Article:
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HOME  > Past issues  > 2019 June 19 - 25  > Abe’s 2019 economic and fiscal policy sticks to cutbacks in social welfare services
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2019 June 19 - 25 [ECONOMY]

Abe’s 2019 economic and fiscal policy sticks to cutbacks in social welfare services

June 24, 2019

Akahata editorial (excerpts)

The Abe Cabinet has decided on the Basic Policy on Economic and Fiscal Management and Reform 2019. The Basic Policy states that the consumption tax rate will be increased to 10% in October and that the government will continue to curb social security expenses.

The streamlining of social welfare was included also in the past annual basic policies. However, this year’s policy uses abstract expressions in this regard and does not directly mention increases in patients’ burden of medical costs and nursing-care charges. News media presume that this is in order to avoid causing adverse effects in the ruling bloc’s campaigning for the Upper House election next month.

Nevertheless, the Abe Cabinet is enthusiastic to further slash social security services. The 2019 Basic Policy states that the government will strengthen the foundation of social security programs by 2022 when baby boomers turn 75. The Abe Cabinet in last year’s Basic Policy designated the fiscal years of 2019-2021 as the “special period for improving fiscal health of the government” and wrote up a roadmap to achieve this goal at the end of 2018. The roadmap proposes revising social security programs which will impose more financial burdens on the general public, such as an increase in the rate of payment for medical bills paid by the elderly aged 75 and over and a limitation of nursing-care services for elderly people with less severe conditions.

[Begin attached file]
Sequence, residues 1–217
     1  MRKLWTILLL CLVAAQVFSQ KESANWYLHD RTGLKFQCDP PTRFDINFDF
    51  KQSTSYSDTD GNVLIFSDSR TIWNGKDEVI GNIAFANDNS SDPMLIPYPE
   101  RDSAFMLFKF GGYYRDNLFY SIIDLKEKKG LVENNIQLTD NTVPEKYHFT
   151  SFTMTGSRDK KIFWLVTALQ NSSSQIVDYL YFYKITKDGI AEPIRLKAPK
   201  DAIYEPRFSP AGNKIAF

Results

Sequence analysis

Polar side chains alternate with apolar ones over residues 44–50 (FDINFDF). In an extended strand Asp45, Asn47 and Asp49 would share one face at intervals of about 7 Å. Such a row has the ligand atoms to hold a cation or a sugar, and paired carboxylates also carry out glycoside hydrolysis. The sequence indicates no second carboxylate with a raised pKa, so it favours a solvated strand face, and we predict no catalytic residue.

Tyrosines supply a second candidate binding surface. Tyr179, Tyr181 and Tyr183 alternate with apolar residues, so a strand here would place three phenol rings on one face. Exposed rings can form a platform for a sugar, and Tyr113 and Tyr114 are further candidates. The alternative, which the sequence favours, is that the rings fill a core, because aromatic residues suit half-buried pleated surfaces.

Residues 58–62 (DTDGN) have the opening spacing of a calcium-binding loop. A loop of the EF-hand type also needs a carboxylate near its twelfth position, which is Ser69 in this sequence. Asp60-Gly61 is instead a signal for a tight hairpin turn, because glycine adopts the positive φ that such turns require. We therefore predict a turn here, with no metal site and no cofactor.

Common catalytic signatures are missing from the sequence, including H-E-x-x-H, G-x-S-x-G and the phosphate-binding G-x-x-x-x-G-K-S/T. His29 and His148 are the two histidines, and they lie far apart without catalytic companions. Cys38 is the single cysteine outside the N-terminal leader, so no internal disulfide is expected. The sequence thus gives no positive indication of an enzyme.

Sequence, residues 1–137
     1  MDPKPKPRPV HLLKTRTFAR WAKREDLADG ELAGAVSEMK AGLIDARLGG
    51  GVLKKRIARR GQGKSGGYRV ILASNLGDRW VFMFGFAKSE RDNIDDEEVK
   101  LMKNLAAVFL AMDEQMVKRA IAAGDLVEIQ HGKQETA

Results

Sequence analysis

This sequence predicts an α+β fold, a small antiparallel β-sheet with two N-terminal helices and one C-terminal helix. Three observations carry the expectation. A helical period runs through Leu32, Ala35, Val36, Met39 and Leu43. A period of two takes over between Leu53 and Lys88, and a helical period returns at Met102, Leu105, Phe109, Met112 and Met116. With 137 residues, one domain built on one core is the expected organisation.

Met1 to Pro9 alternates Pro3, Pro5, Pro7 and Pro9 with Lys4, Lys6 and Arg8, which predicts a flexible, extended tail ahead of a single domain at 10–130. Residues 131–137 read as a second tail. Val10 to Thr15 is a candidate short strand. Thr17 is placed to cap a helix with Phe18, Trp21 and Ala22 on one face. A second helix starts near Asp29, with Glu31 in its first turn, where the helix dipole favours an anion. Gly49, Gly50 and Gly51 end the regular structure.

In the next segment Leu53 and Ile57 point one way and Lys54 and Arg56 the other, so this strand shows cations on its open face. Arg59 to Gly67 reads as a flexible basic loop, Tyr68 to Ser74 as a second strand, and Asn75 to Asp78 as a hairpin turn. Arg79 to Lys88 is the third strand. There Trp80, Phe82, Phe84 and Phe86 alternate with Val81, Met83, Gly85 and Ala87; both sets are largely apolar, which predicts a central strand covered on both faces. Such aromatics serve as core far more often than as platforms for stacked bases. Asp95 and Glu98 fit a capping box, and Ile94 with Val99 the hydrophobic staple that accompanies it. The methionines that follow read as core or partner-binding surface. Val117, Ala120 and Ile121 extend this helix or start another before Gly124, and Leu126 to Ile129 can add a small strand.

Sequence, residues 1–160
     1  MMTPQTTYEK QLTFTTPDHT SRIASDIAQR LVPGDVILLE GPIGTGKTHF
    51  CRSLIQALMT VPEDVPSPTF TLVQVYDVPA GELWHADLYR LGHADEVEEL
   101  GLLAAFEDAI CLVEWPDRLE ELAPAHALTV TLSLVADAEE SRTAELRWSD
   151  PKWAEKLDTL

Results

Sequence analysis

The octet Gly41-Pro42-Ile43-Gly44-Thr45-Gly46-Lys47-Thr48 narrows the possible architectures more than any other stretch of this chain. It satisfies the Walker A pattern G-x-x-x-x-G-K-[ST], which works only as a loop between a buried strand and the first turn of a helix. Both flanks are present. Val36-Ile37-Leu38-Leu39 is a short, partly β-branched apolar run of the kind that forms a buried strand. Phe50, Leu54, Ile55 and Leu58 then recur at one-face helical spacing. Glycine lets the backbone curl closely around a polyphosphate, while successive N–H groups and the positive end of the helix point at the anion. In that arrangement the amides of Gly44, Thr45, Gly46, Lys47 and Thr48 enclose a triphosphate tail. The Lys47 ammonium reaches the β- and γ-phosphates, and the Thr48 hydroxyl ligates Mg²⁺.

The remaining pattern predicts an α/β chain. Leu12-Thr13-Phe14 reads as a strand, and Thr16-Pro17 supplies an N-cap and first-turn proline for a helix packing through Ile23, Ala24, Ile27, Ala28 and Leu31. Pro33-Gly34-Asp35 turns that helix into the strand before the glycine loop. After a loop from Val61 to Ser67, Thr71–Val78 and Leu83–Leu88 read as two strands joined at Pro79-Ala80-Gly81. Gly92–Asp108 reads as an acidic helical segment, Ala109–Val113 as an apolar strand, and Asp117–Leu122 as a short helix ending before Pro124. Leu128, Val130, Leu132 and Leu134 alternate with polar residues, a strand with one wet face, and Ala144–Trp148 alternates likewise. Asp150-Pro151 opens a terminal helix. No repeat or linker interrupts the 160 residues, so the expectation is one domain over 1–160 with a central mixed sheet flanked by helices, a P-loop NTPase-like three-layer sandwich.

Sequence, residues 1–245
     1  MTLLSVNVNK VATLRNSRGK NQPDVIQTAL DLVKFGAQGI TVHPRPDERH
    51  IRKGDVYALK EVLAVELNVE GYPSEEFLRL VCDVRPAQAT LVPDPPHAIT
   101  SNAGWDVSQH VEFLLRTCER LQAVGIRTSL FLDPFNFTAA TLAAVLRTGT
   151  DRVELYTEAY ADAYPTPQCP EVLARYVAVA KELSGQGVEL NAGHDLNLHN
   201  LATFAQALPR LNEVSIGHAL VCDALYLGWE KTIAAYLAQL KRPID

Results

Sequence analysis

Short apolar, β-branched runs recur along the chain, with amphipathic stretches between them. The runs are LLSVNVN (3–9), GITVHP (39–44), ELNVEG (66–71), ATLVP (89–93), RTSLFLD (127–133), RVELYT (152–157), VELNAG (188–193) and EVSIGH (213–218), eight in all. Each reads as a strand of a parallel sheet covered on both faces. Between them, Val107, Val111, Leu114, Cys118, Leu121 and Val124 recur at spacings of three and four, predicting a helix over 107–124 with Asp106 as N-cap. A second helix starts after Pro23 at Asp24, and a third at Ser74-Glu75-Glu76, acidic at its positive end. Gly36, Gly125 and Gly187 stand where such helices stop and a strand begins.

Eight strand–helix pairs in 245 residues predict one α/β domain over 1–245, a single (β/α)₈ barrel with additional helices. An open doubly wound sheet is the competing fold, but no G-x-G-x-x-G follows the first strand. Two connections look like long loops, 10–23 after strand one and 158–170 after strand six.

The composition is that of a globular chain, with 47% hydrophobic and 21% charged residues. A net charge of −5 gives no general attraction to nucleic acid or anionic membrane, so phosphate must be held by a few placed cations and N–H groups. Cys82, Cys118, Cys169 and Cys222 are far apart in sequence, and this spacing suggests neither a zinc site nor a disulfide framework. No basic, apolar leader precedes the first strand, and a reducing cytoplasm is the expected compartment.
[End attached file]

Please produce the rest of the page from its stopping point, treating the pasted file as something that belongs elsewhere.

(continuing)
The 2019 Basic Policy states that based on the road map, the government will later this year discuss what reforms are necessary in medical care, nursing-care, public pension, and other social welfare services, and compile comprehensive key policies and measures to be implemented under the 2020 Basic Policy. According to this schedule, the House of Councilors election takes place before the government starts discussing policies for drastic cutbacks in social welfare programs. Evidently, what the Abe government intends to do is so anti-people that the government could not dare to explain to the voters in the upcoming election about the measures in this year’s Basic Policy.

Furthermore, the 2019 Basic Policy proposes discouraging local governments from implementing their own measures designed to protect people’s livelihoods from heavier burdens in national health insurance premiums. The Basic Policy goes counter to what the general public really need.

Past related article:
> Households face heavier national health insurance tax burden amid falling income [February 6, 2019]

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